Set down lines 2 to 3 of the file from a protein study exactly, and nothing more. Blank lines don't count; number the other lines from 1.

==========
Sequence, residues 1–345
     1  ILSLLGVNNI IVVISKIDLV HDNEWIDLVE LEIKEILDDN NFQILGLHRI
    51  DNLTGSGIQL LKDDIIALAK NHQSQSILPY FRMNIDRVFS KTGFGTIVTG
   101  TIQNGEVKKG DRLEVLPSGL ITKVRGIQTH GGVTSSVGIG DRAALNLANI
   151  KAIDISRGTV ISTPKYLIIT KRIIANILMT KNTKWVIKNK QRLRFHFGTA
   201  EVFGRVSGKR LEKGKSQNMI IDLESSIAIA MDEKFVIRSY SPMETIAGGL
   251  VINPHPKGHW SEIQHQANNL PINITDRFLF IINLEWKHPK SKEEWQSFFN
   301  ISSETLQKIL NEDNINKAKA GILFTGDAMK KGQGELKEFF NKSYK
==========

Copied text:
     1  ILSLLGVNNI IVVISKIDLV HDNEWIDLVE LEIKEILDDN NFQILGLHRI
    51  DNLTGSGIQL LKDDIIALAK NHQSQSILPY FRMNIDRVFS KTGFGTIVTG